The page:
Do not disturb …

Resting between walks

Feeding time – a serious business

Brotherly love

Bed time for the youngest

Too early one morning

Chocolate Cream Biscuits

My mother and I didn’t agree about much but, the one thing that was never a source of contention was her cooking – she was a genius.  I have never tasted better and she remains the culinary benchmark.  There was nothing flash about her repertoire, it was plain English cuisine – roasts, Yorkshire puds, Cornish pasties, liver and bacon, bread and butter pudding, treacle tart and lemon meringue pie to die for – to name but a few.  She dismissed all “foreign food” which loosely translates as anything containing garlic.

Her pièce de résistance was chocolate cream biscuits.  Time consuming and fiddly to make, they were a rare treat, consumed with dog-like enthusiasm by my sister and me as soon as they emerged from the oven.  Garrison Keillor’s aunt Myrna and her Chocolate Angel Food Cake was surely nothing by comparison.  For years we tried to extract a recipe but my mum, like all good cooks, worked intuitively in the kitchen.  Nothing was ever written down because, pressed to define precise quantities and ingredients, she would probably struggle.

And then last week, I was hovering around the reduced cakes and pastries counter in Waitrose and there I spotted an individual, over-sized,store-baked, broken bourbon biscuit.  I sneaked it into the trolley, away from the prying eyes of my trainer/dietitian.  When I eventually bit into this large confection, I could not believe it. In more than fifty years, it is the closest approximation to the original chocolate cream biscuit I have ever found.  My immediate thought was ‘I must ring my sister and tell her – go buy some immediately!’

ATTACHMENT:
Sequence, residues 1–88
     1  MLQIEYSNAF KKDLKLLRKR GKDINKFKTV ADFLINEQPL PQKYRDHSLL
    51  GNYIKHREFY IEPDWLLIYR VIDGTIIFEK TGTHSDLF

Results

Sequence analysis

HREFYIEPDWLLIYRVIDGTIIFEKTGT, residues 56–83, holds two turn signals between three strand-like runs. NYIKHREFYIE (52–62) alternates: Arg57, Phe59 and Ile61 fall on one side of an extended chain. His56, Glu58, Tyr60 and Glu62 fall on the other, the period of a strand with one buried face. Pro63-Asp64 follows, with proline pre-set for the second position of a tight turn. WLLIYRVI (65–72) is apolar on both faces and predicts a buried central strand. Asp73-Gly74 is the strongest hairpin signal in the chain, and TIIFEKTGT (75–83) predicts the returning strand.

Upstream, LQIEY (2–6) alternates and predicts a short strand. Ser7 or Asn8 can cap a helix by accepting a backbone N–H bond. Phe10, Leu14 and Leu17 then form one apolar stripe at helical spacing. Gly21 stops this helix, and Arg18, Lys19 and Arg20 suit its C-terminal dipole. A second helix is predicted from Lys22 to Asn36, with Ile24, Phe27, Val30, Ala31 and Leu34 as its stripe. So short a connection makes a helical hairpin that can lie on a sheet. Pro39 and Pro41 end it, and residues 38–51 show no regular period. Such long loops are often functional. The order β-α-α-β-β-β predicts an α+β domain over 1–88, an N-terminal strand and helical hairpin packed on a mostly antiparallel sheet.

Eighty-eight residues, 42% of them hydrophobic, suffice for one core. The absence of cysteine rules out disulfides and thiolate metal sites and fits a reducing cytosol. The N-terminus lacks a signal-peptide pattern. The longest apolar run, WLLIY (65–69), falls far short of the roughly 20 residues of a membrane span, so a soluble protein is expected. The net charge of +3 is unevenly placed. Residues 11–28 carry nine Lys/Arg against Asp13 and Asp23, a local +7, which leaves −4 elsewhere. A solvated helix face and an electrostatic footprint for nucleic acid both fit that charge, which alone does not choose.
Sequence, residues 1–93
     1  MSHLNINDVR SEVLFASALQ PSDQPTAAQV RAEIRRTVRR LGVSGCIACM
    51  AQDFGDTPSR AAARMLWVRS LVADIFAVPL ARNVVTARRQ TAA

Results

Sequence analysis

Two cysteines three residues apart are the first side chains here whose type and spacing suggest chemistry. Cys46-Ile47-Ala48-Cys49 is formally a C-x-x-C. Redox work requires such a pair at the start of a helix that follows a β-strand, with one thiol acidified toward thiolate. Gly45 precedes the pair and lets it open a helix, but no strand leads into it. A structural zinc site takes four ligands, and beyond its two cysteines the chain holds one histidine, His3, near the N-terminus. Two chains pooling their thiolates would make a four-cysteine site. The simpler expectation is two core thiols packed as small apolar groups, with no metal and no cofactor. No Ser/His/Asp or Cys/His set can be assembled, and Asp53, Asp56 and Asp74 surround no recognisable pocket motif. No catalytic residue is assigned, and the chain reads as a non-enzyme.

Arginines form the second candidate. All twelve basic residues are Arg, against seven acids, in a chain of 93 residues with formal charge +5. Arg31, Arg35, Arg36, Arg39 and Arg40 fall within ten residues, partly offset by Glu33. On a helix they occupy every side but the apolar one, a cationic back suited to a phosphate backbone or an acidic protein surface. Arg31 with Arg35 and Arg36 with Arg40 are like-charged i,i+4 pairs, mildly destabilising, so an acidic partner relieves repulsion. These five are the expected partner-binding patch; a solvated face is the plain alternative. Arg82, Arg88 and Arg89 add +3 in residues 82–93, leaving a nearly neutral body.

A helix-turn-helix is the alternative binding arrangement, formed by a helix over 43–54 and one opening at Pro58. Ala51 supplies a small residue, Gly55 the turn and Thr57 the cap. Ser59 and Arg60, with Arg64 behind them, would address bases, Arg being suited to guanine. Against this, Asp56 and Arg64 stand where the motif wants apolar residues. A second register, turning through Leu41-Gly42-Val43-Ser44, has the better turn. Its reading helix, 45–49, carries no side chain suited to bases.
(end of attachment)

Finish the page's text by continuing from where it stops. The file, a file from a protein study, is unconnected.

My big sister: 1944-2019.

In an overwhelming moment, I remembered.  The good news had come too late.

 

Like a Pitcher of Water …

Troubled waters – Hexham Bridge

Anyone familiar with Golf in the Wild will know the book frequently leaves golf behind and explores a range of diverse subjects which include local history, the tyrant known as ‘my Mother’ (stolen from Jeanette Winterson’s Oranges Are Not The Only Fruit) and motor racing of the 1960s and 1970s.  It is a journey into my past played out across golf courses in wild places to the distant sound of racing engines.

The sequel, Golf in the Wild – Going Home, will be no different although racing engines have been largely replaced by the sound of mono speakers and Dansette record players.  This is an extract from Chapter 10 of the new book – I am driving south on the A9, approaching the Forth bridges:

I bought Bridge over Troubled Water on the day it was released – 26th January 1970. I must have ducked out of college, caught the train to Oxford Road, Manchester and walked down to Rare Records, 26 John Dalton Street, the shop where Ian Curtis was employed in the early seventies – the first step in his musical career.

Bridge over Troubled Water is a fine album but not the defining work of art that is Bookends. Significantly, I had reservations about the title track. The first two verses work beautifully but the third is over-produced, too dramatic and the voice of the narrator changes from gentle reassurance to brash optimism. It is not the same person. There is a reason – it is not the song Paul Simon intended. It was Roy Halee, the record producer, and Art Garfunkel who insisted on a third verse – “the first two verses could be runway material for a take-off that is waiting” – Art Garfunkel.  Reluctantly, Simon wrote the additional material, too quickly and in the studio, something he never usually did.